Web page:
USDA financing is for borrowers who live in rural areas and who do not have the means to secure any other type of financing. The premise behind the program is to build up the rural areas of America. These areas tend to get overlooked. The people who do live there then suffer due to lack of economic stimulation.
The USDA program aims to put an end to this issue. Because of its unique nature, the USDA loan has many specific guidelines, including the fact that you must purchase a primary home with your loan. This means you cannot have somewhere else to live. The program helps you afford suitable housing. Generally, this means you cannot even own a rented home. As is the case with most other things, though, there are exceptions to the rule.
This is what the USDA looks at – do you have decent and sanitary housing already? If you do, you may not be eligible for USDA financing. If you don’t, you may qualify. Just what is decent and sanitary housing? For starters, if you own a mobile home, it does not count as decent housing. The USDA will allow you to finance a home with their program while still owning a mobile home. What if you own a standard home and rented it out, though? Are you eligible for additional financing? The answer is typically “no.” You cannot have any other housing and qualify for a USDA loan. This violates the mission of the USDA, to provide low-income borrowers with a safe place to live. You already have a place to live if you rent out a home. The exceptions to the rule prevail, though:
- Your job just relocated you more than 50 miles away from your current home. If you don’t want to sell your home, you may not have to. You can rent it out to someone else and use USDA financing to purchase a new home that you will live in that is closer to your job. This is up to underwriter discretion, though. You cannot assume if your job relocates you that you can just secure additional USDA financing.
- If your family grew recently and you no longer fit in the original house you purchased, you may be able to move and keep this house. Again, this is up to underwriter discretion. For example, you cannot say you outgrew your home, but then purchase another home the same size. You must purchase a larger house to accommodate your family or the work around doesn’t work.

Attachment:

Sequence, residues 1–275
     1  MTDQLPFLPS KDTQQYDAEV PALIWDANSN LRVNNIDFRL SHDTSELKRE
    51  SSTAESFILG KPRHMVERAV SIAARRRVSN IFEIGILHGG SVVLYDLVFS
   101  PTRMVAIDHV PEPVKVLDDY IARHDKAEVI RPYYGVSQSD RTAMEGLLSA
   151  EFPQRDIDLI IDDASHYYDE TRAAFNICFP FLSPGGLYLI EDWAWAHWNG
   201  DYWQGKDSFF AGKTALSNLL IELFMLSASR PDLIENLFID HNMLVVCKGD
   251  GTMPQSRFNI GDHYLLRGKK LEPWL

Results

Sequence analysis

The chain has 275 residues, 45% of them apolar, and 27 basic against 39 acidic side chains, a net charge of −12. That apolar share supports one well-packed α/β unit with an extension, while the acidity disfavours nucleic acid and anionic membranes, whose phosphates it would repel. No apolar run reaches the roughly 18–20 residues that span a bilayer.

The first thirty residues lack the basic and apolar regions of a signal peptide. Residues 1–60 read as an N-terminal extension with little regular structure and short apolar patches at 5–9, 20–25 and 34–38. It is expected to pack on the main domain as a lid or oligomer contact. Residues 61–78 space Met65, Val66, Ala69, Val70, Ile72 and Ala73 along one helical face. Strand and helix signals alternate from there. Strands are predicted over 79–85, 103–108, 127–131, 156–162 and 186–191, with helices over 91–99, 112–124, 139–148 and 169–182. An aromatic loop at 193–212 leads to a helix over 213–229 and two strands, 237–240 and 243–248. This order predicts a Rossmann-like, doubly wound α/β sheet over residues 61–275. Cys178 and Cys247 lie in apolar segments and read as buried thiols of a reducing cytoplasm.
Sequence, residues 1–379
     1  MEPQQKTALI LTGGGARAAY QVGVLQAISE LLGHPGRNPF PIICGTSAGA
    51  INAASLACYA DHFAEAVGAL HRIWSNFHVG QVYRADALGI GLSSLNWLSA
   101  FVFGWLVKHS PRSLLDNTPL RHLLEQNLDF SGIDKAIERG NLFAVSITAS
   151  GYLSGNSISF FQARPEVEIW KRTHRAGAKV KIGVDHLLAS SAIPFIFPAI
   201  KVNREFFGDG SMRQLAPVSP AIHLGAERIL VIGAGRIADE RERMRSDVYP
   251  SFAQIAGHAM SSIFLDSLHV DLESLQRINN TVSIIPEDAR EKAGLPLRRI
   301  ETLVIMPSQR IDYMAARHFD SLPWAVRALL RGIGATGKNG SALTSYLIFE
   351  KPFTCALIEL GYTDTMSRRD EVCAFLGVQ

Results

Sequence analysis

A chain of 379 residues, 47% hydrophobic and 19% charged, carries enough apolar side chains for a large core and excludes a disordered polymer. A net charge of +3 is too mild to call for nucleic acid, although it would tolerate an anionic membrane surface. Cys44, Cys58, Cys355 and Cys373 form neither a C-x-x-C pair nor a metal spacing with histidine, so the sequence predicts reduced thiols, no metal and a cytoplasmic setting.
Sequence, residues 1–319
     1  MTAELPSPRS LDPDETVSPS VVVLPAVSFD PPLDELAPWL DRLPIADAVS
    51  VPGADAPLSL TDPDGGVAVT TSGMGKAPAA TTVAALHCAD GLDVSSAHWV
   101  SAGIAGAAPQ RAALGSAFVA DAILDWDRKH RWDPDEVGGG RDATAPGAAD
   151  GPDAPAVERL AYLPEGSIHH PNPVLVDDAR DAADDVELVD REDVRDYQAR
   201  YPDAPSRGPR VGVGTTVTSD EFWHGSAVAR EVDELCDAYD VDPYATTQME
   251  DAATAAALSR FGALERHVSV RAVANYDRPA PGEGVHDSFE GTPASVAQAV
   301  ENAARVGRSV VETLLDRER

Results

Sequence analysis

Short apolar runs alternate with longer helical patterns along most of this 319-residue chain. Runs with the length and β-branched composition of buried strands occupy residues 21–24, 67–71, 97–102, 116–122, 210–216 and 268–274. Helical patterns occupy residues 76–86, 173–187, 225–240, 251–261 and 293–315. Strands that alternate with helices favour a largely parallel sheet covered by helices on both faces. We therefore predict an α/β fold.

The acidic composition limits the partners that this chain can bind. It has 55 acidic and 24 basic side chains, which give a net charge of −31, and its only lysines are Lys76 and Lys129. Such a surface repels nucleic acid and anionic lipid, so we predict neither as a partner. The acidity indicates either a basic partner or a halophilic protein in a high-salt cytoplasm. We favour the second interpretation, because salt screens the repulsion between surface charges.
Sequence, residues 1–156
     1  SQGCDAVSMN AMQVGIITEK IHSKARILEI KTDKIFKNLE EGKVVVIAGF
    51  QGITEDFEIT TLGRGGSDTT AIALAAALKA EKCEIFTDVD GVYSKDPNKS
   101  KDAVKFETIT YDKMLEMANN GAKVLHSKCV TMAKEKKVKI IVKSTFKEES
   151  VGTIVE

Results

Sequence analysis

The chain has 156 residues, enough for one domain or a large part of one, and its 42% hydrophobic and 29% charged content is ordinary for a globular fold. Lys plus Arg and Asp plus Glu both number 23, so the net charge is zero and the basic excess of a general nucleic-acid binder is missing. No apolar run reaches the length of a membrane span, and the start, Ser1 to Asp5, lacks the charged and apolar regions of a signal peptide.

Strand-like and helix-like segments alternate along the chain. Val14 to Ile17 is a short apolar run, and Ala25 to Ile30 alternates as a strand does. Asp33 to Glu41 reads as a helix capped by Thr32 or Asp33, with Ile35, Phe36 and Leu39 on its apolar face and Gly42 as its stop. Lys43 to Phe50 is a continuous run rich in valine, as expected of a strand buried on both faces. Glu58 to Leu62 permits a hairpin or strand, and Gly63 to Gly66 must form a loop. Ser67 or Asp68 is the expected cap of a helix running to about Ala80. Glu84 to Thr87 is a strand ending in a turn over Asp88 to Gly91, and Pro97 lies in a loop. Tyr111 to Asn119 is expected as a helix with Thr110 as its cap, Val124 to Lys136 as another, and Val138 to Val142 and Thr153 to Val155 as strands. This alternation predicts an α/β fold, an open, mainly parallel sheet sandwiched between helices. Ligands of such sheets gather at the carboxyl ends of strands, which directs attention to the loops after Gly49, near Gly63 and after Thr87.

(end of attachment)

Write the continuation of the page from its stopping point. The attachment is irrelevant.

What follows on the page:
What if the USDA Doesn’t Agree?
If the USDA doesn’t agree that your circumstances meet either of the above requirements, you cannot secure additional USDA financing. This means you have to sell your current home first. Then you may be eligible for USDA financing. There are no cut and dry answers regarding what the USDA will allow and not allow when it comes to rented homes. Generally, they don’t allow borrowers to have 2 properties, unless they meet one of the above exceptions. The underwriter also has another say in the process, which may make or break your deal.
Using Income from the Rented Home
If you do have a home you rent out, you will likely need the income to qualify for the USDA loan on your primary residence. USDA loans work a little differently when it comes to income. They want the total of all income from every household member. This helps to determine your eligibility. If your household’s income is too high, you cannot secure a USDA loan. However, you may need the income from the rented home in order to qualify for the loan. This is different than being eligible for the program. The USDA bases eligibility on the number of people in your household and the total income from everyone. The more people who live with you, the more income you can have. In addition, the various scenarios of the people living with you can grant you some allowances. For example:
- Children under the age of 18 and those older than 18 but in school full-time reduce your income by $480 for every child
- Disabled family members reduce your income by $480 each
- Elderly family members reduce your income by $400 each
A unique circumstance of the USDA loan, however, is that you can make too much and become ineligible. The USDA program is for low-income families. If you make too much, you should be able to secure financing from another government-backed program. The USDA program is for those who do not have the liberty of using other programs.
Once the USDA determines you are eligible for the program, they go back to using the income from the borrower and co-borrower to qualify you for the loan. If you need to include a mortgage for your first home in your debts, you may need the rental income to help keep your debt ratio low enough to qualify. The good news is USDA debt ratio maximums are higher than most other programs – they like lenders to keep the debt ratios around 29/41, but there is some flexibility.
The USDA Has the Final Say
Unfortunately, there is no cut and dry answer regarding whether you can or cannot purchase a second home with USDA financing. You have to get all of your ducks in a row, so to speak, and see what they say. Make sure you have plenty of evidence of the reasons you need to move, such as outgrowing your home or changing/relocating your job. With proper evidence, the USDA will have an easier time approving you for the USDA loan with a rented home. Keep in mind, though, that you should pay close attention to the fine details on your current loan. Did you agree to live in the home for a certain amount of time? You want to make sure you are not violating any other mortgage guidelines before you secure a new USDA loan.
Securing USDA financing is usually fairly simple, but if you have extreme circumstances, you might have a harder time. This is not to say the USDA will not grant exceptions. They are rather flexible. As long as you have adequate proof of your reason and it does not violate the USDA’s guidelines, you may be able to secure financing for a “second home” while still owning a rented home.